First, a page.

“[My husband] always thought he wanted a bar next to his own house so he wouldn’t have to drive,” she tells us, smiling.
Just like home the customers at Virgil’s have certain freedoms they don’t at most Springfield businesses. That’s because Virgil’s is not a Springfield business.
“We thought maybe people would like getting away from town,” says Wrinkle. Out of town and outside city limits. Turns out they also like getting away from new smoking restrictions.
“We thought we would see an increase in business and we have seen a small increase.” A large “Smoker’s Welcome” sign on the front of the fence has helped.
“You can see that plainly from the highway.”
But the bar’s county location hasn’t been all blessing. Virgil’s is a six mile drive north from Springfield and while that gets them out of the ban debacle most customers aren’t keen on drinking and then driving home.
“It’s the chance of getting a DUI,” explains Wrinkle. The customers are still coming though; that’s something city businesses worry about.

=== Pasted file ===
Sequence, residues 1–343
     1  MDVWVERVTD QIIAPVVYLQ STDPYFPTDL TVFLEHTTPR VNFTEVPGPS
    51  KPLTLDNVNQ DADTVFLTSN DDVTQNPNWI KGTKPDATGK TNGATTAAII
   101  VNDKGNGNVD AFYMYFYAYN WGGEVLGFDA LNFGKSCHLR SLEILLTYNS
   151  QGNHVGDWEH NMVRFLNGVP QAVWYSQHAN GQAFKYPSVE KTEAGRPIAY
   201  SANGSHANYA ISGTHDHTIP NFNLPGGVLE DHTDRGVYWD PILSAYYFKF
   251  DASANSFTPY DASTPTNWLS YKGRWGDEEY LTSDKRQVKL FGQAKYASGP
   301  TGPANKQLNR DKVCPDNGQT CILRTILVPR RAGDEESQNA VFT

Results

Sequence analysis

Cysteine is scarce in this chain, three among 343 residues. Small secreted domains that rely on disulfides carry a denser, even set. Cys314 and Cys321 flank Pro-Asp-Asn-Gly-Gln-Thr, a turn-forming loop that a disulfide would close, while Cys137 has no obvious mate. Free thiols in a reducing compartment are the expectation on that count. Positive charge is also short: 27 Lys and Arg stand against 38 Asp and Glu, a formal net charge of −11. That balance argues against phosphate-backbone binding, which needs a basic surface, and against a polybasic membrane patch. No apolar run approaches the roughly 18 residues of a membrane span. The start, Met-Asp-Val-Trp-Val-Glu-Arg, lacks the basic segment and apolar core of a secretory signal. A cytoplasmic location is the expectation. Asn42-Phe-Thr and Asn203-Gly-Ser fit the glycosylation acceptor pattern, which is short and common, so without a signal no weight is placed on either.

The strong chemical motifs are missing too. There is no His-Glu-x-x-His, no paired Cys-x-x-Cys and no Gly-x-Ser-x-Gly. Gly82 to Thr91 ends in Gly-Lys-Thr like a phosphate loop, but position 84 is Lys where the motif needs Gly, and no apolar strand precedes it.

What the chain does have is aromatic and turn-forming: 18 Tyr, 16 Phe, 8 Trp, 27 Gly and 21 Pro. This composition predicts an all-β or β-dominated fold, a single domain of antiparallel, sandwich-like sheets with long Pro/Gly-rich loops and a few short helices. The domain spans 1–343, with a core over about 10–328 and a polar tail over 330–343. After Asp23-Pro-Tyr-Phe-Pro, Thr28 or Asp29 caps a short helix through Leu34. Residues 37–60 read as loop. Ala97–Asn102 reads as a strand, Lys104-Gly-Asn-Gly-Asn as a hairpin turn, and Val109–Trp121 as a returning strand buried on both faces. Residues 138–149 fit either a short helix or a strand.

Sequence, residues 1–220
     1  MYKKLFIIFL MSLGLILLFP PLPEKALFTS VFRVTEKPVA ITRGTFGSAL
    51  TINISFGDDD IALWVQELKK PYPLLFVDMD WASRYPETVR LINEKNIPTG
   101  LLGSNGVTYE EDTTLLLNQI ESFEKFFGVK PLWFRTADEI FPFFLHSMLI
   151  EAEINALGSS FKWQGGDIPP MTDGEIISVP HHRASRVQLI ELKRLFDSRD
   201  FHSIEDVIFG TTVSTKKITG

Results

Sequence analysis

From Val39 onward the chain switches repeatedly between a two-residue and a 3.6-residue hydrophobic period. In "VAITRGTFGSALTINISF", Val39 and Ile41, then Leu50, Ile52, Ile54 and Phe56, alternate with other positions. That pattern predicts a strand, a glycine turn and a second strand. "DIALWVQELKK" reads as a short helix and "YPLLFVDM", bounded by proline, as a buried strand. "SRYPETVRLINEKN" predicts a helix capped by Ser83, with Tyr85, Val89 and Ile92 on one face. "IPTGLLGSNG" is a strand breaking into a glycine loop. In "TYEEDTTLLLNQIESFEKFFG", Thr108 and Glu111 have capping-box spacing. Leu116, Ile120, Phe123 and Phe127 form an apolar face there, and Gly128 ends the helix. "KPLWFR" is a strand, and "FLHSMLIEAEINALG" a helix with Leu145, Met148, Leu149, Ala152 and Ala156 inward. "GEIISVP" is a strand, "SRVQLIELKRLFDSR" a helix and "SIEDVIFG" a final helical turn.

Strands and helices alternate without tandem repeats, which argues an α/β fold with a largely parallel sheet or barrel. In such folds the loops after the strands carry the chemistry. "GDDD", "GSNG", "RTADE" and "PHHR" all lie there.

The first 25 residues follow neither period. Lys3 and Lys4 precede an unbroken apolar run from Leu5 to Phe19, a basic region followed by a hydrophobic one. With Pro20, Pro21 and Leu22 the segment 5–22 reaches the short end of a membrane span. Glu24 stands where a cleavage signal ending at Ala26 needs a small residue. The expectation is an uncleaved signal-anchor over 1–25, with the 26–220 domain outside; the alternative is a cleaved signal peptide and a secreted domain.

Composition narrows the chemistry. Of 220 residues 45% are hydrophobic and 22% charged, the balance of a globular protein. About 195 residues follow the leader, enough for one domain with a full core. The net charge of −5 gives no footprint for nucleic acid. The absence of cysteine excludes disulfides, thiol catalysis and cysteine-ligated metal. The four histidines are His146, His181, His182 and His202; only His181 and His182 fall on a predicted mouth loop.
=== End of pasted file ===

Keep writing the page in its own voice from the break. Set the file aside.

Last month a Springfield bowling alley estimated a 10% loss since the April 2011 ban. virgil’s is still looking for ways to attract the crowd that’s going elsewhere.
“It almost seems like any more you have to have something for them to do like karaoke, poke,” or smoking. After all, they can hardly do it anywhere else but home.
“It’s just like hom,” Wrinkle concludes with a laugh.
She says she doesn’t know if having the ban reaffirmed Tuesday will make a difference in her customer count since nothing’s changing.
But remember this is not the end of the smoking issue in Springfield. Tuesday a court of appeals will hear a northside bar’s lawsuit against the city of Springfield and its ban.